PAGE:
Google now knows, what you bought offline, where, when and why

Data about ads, that users see online, and purchases they make in offline stores is now combined and collated by Google in order to measure advertisement performance. Google needs to prove to its advertisers that ads can generate sales in brick-and-mortar stores. It has partnered with a company that is said to have the access to 70% of credit and debit cards transactions in the US.

Not all the users are ready and willing to have the information about their purchases analyzed and mixed with the data collected by Google’s ubiquitous ad technology. The fact, that an anonymous company is a part of this process, brings some additional anxiety.

A spokesperson of Bridg, a startup that is also solving the problem of matching online and offline behavior for measuring ad effectiveness, speculates in his comment to WSJ, that Facebook and other big advertising businesses would also need to invest in collating digital and physical identities of a consumer.

Google’s approach to this task has previously been based on location tracking. If a user had been found near a Home Depot store after seeing a lawn mower ad, certain conclusions were made. But the inaccuracy of this approach is obvious, besides, more and more users deactivate location tracking.

Google claims to ensure the protection of customers’ and card holders’ data and explains, that matching data is done double-blindly. Card data possessing company has no access to Google’s information about advertising audience, and Google doesn’t see any transaction details. But Paul Stephens from a consumer advocacy group Privacy Rights Clearinghouse reminds that it’s still difficult to anonymize data, and hackers keep on stealing it from time to time.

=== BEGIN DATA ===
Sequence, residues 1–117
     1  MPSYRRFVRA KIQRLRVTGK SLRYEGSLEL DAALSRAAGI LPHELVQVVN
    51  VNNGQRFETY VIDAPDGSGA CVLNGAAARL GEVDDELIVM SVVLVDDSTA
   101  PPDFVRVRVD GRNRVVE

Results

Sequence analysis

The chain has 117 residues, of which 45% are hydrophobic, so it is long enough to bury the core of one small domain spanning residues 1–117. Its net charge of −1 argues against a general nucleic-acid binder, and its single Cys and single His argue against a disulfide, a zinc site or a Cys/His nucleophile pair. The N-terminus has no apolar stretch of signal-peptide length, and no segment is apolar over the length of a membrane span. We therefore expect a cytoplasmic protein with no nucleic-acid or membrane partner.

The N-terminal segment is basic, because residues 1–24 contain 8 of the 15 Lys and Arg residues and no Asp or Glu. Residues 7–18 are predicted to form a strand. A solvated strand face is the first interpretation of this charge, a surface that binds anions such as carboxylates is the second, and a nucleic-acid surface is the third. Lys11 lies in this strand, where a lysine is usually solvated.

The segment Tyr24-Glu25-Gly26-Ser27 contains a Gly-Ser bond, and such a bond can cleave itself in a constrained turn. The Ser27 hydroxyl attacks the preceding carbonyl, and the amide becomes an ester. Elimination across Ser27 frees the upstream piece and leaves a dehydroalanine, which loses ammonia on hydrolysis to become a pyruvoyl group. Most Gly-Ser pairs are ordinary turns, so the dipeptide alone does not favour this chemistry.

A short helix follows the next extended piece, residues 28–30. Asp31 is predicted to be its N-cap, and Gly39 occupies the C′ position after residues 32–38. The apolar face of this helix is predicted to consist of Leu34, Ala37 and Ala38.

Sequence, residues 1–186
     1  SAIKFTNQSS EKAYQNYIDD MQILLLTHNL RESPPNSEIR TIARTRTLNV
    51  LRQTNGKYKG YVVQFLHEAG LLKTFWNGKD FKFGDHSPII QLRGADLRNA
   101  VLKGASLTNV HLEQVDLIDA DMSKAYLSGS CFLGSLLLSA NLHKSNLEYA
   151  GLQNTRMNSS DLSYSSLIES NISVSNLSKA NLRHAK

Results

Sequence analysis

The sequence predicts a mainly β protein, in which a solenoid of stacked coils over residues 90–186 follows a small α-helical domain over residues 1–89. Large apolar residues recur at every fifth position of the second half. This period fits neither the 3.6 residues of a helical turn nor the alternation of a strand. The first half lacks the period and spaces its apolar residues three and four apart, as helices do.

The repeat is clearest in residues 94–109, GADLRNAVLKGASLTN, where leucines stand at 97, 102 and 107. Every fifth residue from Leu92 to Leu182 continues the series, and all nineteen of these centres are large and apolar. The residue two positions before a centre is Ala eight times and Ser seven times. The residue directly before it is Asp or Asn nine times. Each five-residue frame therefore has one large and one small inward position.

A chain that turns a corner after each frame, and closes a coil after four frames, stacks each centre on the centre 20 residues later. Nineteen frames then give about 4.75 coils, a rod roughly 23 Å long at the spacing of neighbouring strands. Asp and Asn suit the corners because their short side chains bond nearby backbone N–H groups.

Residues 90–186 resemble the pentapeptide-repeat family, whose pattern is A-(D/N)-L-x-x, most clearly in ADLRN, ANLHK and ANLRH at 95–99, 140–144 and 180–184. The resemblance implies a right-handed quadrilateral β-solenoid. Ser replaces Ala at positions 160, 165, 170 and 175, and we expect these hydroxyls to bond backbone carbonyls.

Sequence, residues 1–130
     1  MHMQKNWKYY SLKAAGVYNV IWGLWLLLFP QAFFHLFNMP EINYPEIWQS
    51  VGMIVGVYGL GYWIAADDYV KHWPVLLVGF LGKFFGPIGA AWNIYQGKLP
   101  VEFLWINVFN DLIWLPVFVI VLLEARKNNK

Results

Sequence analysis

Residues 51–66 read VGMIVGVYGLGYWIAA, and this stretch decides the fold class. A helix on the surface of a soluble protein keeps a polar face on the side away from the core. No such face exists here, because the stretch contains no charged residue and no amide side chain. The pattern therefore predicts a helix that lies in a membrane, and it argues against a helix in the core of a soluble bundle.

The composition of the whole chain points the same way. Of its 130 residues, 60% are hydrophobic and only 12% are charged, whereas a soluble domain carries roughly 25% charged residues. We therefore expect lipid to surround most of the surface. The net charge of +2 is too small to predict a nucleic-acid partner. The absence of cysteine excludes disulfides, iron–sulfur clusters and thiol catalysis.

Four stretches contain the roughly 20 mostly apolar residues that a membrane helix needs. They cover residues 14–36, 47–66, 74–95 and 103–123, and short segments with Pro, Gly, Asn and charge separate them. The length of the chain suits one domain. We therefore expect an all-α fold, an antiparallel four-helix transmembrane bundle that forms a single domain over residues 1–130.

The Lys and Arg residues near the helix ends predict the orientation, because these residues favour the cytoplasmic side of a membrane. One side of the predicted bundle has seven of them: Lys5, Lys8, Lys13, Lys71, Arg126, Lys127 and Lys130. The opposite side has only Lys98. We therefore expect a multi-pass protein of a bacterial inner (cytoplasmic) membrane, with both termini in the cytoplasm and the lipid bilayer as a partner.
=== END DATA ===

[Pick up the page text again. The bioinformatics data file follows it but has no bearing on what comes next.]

We recommend our readers not to rely on Google’s desire to protect user data. And not to hope, that ad perfomance analyzing algorithms would make their lives better, not just drive them to spend more money in shops. We recommend to take control in your own hands and disable ad tracking with the help of AdGuard apps and browser extensions.

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Ad-free web for blind and visually impaired users

Global Accessibility Awareness Day takes place on the 18th of May. Its purpose is to raise awareness about the accessibility of digital products for users with disabilities.

It is important not to confuse accessibility with availability -- the latter refers to the technical performance, the ability of a server to respond to a client’s request. Accessibility describes the convenience of a website, software or an app for people with special needs, disabilities or diseases, the very possibility to be used by such people.

"Sing, Goddess, the wrath": a history of ad blocking, part one

For as long as advertisements have existed, people have been trying to avoid them. No surprise there. An advertisement is an unwelcome communication that distracts attention and intrudes at its own discretion and for its own purpose.

Marketing experts writhed in agony when video cassette recorders first started gaining popularity. "It’s over now," they thought. "TV advertising is dead. People will no longer just switch channels (where they can be caught) or go to the kitchen (where they can still hear the ads). Now they can avoid an ad altogether by just cutting it off!"

Downloading AdGuard To install AdGuard, click the file indicated by the arrow Select "Open" and click "OK", then wait for the file to be downloaded. In the opened window, drag the AdGuard icon to the "Applications" folder. Thank you for choosing AdGuard! Select "Open" and click "OK", then wait for the file to be downloaded. In the opened window, click "Install". Thank you for choosing AdGuard!
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